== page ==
Sinking Fund Method


DEFINITION of 'Sinking Fund Method'

A technique for depreciating an asset in bookkeeping records while also generating money to purchase a replacement for the asset when it reaches the end of its useful life. Under the sinking fund method, the business sets aside an amount of money to invest annually so that the principal plus the interest earned in the fund will be enough to replace the asset.

BREAKING DOWN 'Sinking Fund Method'

The amount of money that needs to be added to the asset-replacement fund each year is calculated by determining how much it will cost to replace the asset, how many years the asset is expected to last and what rate of interest can be earned as well as how much can be earned through the effects of compound interest. The sinking fund method is not common, and is not desirable when interest rates cannot reasonably be predicted.

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  1. What are the disadvantages of using the sinking fund method to depreciate an asset?

    Using the sinking fund depreciation definitely impinges on a company's cash flow and profitability during the depreciation ... Read Full Answer >>
  2. What is the difference between amortization and depreciation?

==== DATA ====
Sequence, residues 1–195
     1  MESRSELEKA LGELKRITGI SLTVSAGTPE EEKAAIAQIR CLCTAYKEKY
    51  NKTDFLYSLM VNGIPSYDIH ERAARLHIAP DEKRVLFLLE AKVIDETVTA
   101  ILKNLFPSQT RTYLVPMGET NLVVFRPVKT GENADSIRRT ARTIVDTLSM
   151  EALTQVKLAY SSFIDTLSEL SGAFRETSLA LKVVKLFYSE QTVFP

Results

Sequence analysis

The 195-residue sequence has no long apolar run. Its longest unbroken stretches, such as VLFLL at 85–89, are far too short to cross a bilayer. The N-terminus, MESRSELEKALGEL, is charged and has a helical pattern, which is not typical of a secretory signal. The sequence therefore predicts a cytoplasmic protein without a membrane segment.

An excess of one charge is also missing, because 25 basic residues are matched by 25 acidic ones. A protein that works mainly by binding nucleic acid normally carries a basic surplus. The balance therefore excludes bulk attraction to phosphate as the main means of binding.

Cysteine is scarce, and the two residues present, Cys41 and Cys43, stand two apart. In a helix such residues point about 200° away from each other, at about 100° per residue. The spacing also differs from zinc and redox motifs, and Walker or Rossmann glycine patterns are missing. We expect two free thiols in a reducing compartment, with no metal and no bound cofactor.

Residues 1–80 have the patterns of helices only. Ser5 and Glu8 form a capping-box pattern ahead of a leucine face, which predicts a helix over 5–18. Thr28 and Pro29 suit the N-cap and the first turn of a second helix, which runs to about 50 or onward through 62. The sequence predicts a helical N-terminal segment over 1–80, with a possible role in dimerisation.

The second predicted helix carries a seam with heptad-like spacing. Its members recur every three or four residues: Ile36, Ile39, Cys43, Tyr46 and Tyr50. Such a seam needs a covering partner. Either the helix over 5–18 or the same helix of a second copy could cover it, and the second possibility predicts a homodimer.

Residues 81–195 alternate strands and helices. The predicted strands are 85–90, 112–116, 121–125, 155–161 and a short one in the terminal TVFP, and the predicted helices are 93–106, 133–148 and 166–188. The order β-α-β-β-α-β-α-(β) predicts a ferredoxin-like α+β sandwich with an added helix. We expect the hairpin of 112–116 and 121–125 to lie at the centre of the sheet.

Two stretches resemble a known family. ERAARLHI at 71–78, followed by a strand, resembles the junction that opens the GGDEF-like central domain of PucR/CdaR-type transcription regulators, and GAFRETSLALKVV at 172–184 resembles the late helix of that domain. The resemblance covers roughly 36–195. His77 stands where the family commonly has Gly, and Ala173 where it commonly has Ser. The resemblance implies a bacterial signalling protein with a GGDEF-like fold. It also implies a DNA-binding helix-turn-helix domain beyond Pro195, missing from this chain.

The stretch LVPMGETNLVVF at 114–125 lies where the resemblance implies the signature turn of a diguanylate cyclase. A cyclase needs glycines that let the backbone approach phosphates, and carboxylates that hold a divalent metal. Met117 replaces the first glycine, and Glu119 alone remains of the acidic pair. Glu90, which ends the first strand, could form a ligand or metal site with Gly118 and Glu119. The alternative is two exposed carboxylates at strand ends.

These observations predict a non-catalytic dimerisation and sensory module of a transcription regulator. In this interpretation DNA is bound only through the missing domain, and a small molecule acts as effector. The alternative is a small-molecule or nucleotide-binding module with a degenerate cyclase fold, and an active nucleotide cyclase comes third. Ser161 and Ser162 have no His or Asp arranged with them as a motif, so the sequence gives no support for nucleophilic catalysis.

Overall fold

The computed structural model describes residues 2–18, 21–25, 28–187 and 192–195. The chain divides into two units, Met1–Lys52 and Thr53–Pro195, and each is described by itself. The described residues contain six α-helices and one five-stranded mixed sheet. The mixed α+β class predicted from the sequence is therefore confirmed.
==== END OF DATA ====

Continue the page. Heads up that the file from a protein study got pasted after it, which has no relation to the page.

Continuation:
Because very few assets last forever, one of the main principles of accrual accounting requires that an asset's cost be proportionally ... Read Full Answer >>
  3. Can working capital be depreciated?

    Working capital as current assets cannot be depreciated the way long-term, fixed assets are. In accounting, depreciation ... Read Full Answer >>
  4. Do working capital funds expire?

    While working capital funds do not expire, the working capital figure does change over time. This is because it is calculated ... Read Full Answer >>
  5. What are the dormancy and escheatment rules for stock accounts?

    While the specific dormancy and escheatment rules for stock accounts vary by state, all states provide for the escheatment ... Read Full Answer >>
  6. Who decides if a financial security should be escheated?

    There is no one entity who "decides" to escheat assets. Rather, financial institutions are required to report inactive accounts ... Read Full Answer >>

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